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United States v. Mansfield

United States District Court, D. Colorado

August 16, 2019

UNITED STATES OF AMERICA, Plaintiff,
v.
1. GEOFFREY WARD MANSFIELD, Defendant.

          ORDER

          PHILIP A. BRIMMER CHIEF UNITED STATES DISTRICT JUDGE

         This matter is before the Court on defendant Geoffrey Ward Mansfield's Motion for Judgment of Acquittal under Fed. R. Crim. P. 29 and 45 [Docket No. 83].

         I. BACKGROUND

         On February 21, 2019, a jury found defendant guilty of knowingly possessing a firearm by a convicted felon in violation of 18 U.S.C. § 922(g)(1). Docket No. 63; see also Docket No. 64 at 18. The Court instructed the jury that it could find defendant guilty if it determined the government had proved the following elements beyond a reasonable doubt:

First: on or about July 31, 2017, the defendant knowingly possessed a firearm;
Second: the defendant was convicted of a felony, that is, a crime punishable by imprisonment for a term exceeding one year, before he possessed the firearm; and
Third: before the defendant possessed the firearm, the firearm had moved at some time from one state to another.

Docket No. 64 at 18. Pursuant to a stipulation entered into by the parties before trial, see Docket Nos. 27, 30, 50, the Court further instructed:

The parties stipulate that, prior to July 31, 2017, the defendant was convicted of a crime punishable by imprisonment for a term exceeding one year. Therefore, you must consider the second element of Count One as having been proved beyond a reasonable doubt.

Docket No. 64 at 18.

         Following defendant's conviction, but before sentencing, the Supreme Court decided Rehaif v. United States, 139 S.Ct. 2191 (2019), in which it held that, to obtain a conviction under 18 U.S.C. § 922(g) or § 924(a)(2), the government “must prove both that the defendant knew he possessed a firearm and that he knew he belonged to the relevant category of persons barred from possessing a firearm.” Id. at 2200. On July 26, 2019, defendant moved for judgment of acquittal arguing that the evidence presented at trial was insufficient to convict defendant under the standard announced in Rehaif. See Docket No. 83. The government filed a response to the motion on August 5, 2019, Docket No. 87, to which defendant replied on August 9, 2019. Docket No. 88.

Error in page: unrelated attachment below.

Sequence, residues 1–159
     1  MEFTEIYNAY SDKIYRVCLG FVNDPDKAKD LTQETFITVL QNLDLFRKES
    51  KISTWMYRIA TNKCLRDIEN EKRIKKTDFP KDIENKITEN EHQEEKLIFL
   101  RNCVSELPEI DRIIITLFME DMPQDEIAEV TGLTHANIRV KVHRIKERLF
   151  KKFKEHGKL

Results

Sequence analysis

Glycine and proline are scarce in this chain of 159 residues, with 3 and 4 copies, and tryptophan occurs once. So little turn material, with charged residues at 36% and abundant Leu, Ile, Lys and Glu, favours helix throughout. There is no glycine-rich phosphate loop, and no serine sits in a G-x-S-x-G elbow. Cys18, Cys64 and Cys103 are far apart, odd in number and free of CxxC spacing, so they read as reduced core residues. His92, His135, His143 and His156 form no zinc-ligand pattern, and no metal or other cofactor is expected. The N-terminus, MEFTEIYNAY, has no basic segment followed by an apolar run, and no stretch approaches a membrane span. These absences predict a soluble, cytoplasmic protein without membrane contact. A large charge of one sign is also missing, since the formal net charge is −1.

II. ANALYSIS

         Defendant moves for judgment of acquittal under Fed. R. Crim. P. 29. In considering defendant's motion, the Court views the evidence “in the light most favorable to the government, and without weighing conflicting evidence or considering the credibility of witnesses, determine[s] whether that evidence, if believed, would establish each element of the crime.” United States v. Fuller, 751 F.3d 1150, 1153 (10th Cir. 2014) (quotations omitted). The Court may enter a judgment of acquittal “only if the evidence that defendant committed the crime is nonexistent or so meager that no reasonable jury could find guilt beyond a reasonable doubt.” Id. (quotations omitted).

         Defendant argues that he is entitled to judgment of acquittal because the evidence presented by the government at trial was insufficient to prove that he knew he was a convicted felon at the time he possessed the firearm. Docket No. 83 at 2-3. In response, the government appears to concede that defendant's conviction must be vacated in light of Rehaif, but argues that a retrial is permitted under the Double Jeopardy Clause because defendant's sufficiency-of-the-evidence challenge must be evaluated according to the standard of proof that existed at the time of trial. See Docket No. 87 at 3-7. Alternatively, ...


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